SpaceX's next astronaut launch for NASA delayed again by bad weather (and a possible Dragon landing)

SpaceX's Crew Dragon Endurance and its Falcon 9 rocket stand atop Pad 39A at NASA's Kennedy Space Center in Cape Canaveral, Florida, ahead of the planned liftoff of the Crew-3 mission.
SpaceX's Crew Dragon Endurance and its Falcon 9 rocket stand atop Pad 39A at NASA's Kennedy Space Center in Cape Canaveral, Florida, ahead of the planned liftoff of the Crew-3 mission. (Image credit: SpaceX)

CAPE CANAVERAL, Fla. — SpaceX's next astronaut launch for NASA has been delayed again. 

The U.S. space agency and SpaceX have pushed the launch of the Crew-3 mission, which will send four astronauts to the International Space Station, from Saturday (Nov. 6) to Monday (Nov. 8) at the earliest, because of anticipated bad weather over the coming days. 

NASA and SpaceX are also now considering whether to bring the four astronauts of the previous mission, Crew-2, back down to Earth before sending Crew-3 skyward. 

Live updates: SpaceX's Crew-3 astronaut mission

A SpaceX Crew Dragon capsule and Falcon 9 rocket were originally scheduled to launch Crew-3 early Sunday morning (Oct. 31) from Pad 39A at NASA's Kennedy Space Center here in Florida. But before the crew could climb aboard, NASA announced a 72-hour delay, citing poor weather conditions along the rocket's flight path. 

Then, a minor medical issue cropped up with one of the astronauts, forcing the agency to push the launch out to no earlier than 11:36 p.m. EDT on Saturday (Nov. 6; 0336 GMT on Nov. 7). However, Mother Nature has now nixed that plan, as the weather conditions all weekend look pretty poor, according to forecasters at the 45th Space Delta here at Cape Canaveral.

So NASA and SpaceX are rethinking their plans for both launch and splashdown. 

"Mission teams are now considering whether to return the agency's SpaceX Crew-2 mission from the space station ahead of launching the next crew rotation due to the associated weather conditions for both launch and recovery operations," agency representatives wrote in a blog post on Thursday (Nov. 4).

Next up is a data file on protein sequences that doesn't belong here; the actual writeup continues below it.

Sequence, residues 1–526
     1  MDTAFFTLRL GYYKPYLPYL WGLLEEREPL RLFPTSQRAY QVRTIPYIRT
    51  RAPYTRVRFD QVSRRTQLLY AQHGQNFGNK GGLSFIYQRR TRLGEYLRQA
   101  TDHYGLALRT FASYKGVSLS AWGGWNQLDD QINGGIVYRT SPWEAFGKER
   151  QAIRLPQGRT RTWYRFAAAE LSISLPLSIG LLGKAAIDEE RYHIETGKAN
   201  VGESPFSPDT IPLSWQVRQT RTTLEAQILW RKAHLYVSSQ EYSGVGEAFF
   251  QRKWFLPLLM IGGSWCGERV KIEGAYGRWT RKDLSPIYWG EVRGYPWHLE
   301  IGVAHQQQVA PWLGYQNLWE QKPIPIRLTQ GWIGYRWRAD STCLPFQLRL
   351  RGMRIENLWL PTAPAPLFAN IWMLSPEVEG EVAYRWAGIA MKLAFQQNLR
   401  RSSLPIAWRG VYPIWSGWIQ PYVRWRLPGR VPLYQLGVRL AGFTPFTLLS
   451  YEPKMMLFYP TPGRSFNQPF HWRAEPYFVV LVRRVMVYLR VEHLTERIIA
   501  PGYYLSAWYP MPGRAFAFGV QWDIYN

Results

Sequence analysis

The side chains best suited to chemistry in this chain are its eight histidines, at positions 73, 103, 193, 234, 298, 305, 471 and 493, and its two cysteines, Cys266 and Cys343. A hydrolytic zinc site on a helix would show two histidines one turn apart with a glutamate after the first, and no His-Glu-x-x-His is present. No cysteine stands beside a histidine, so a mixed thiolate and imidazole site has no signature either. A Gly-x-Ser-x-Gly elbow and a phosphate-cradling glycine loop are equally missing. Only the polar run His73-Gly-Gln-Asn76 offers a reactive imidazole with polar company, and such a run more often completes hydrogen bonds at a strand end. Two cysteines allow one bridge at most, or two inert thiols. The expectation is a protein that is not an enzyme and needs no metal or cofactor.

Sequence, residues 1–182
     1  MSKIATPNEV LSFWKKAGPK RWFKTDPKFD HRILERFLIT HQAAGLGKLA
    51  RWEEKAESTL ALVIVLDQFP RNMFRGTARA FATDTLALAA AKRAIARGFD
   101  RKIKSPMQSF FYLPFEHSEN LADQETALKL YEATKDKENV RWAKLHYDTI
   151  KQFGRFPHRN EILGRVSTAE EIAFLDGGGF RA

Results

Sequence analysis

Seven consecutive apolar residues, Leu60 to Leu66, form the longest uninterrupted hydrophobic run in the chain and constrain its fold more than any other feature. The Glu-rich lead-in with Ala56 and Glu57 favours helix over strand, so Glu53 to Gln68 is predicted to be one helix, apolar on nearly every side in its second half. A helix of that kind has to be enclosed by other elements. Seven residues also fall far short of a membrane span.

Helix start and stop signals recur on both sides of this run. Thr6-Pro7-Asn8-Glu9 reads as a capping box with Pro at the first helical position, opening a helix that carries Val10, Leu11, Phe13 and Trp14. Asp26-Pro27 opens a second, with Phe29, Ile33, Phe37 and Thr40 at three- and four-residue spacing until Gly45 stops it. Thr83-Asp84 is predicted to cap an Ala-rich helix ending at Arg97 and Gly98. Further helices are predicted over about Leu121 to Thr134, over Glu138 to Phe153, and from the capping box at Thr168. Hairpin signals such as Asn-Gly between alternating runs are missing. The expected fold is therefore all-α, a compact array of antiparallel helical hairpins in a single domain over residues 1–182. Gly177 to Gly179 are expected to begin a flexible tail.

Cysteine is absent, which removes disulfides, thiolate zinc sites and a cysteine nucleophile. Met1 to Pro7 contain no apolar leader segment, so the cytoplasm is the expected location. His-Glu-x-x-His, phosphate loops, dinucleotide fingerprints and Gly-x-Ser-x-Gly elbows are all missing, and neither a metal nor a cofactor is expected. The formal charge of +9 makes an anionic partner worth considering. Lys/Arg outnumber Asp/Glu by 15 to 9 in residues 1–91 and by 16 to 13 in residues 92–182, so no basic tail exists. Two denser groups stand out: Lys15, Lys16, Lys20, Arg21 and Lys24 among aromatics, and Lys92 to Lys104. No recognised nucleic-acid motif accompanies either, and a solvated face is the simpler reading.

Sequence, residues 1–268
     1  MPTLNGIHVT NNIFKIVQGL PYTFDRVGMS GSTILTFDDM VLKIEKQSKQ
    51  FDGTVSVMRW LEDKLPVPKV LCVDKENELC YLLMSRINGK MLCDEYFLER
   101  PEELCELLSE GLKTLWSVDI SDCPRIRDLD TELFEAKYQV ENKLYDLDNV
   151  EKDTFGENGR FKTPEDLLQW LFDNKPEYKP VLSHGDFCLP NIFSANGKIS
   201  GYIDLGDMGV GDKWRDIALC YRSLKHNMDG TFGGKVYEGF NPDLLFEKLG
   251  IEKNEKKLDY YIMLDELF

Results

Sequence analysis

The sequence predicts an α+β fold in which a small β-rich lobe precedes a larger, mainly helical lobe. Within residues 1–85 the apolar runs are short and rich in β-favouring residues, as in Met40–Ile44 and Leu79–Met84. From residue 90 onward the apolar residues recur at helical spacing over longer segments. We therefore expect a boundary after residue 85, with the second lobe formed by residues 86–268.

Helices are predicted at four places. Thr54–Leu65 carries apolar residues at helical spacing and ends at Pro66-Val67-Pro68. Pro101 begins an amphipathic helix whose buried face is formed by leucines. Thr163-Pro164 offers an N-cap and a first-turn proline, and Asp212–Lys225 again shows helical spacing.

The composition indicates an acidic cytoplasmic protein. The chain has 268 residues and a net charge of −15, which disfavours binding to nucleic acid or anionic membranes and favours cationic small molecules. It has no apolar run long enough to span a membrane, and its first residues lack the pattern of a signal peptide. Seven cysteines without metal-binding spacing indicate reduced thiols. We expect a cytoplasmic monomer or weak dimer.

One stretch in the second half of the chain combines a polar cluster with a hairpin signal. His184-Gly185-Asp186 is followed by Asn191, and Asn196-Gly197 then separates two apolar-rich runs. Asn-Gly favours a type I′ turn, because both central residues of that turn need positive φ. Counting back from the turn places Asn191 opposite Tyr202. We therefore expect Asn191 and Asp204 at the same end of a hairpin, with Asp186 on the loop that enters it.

The Crew-2 astronauts currently on station — NASA's Shane Kimbrough and Megan McArthur, along with European Space Agency (ESA) astronaut Thomas Pesquet and Japanese Aerospace Exploration Agency spaceflyer Akihiko Hoshide — were originally slated to come home on Thursday, assuming the Crew-3 quartet of NASA's Raja Chari, Tom Marshburn, Kayla Barron and ESA's Matthias Maurer launched on Oct. 31.

The original Crew-3 delay to Wednesday (Nov. 3) put Crew-2's earliest departure on Nov. 7. However, the weather is the most important factor in determining when each mission either gets off the ground or splashes down. 

Crew-2, which launched in April, is in a bit of a time crunch, since its Dragon spacecraft is rated to stay in space for approximately 210 days, or 7 months. With that deadline fast approaching, and the weather looking bleak, NASA may decide to bring that mission home first. 

"These are dynamic and complex decisions that change day by day," Steve Stich, NASA's Commercial Crew program manager said in the blog post. "The weather in November can be especially challenging, so our goal is to move forward on the plan with the highest probability of mission assurance and safety."

The earliest Crew-2 could come home is now Sunday (Nov. 7), while the earliest that Crew-3 could launch is Monday night (Nov. 8). NASA says it will continue to monitor weather conditions both at the Cape and downrange to determine the best course of action in the next few days.

The Crew-3 astronaut's medical issue is expected to clear up by launch day, NASA officials said.

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Amy Thompson
Contributing Writer

Amy Thompson is a Florida-based space and science journalist, who joined as a contributing writer in 2015. She's passionate about all things space and is a huge science and science-fiction geek. Star Wars is her favorite fandom, with that sassy little droid, R2D2 being her favorite. She studied science at the University of Florida, earning a degree in microbiology. Her work has also been published in Newsweek, VICE, Smithsonian, and many more. Now she chases rockets, writing about launches, commercial space, space station science, and everything in between.